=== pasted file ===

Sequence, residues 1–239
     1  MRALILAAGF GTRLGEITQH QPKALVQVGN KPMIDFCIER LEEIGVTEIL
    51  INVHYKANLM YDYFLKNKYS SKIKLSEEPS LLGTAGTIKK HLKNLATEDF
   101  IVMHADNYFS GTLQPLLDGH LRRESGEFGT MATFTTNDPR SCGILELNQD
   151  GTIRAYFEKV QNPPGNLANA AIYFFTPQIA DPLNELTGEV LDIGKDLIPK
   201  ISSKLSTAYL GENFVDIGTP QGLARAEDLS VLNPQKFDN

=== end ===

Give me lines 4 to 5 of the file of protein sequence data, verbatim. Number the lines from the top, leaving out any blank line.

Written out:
   101  IVMHADNYFS GTLQPLLDGH LRRESGEFGT MATFTTNDPR SCGILELNQD
   151  GTIRAYFEKV QNPPGNLANA AIYFFTPQIA DPLNELTGEV LDIGKDLIPK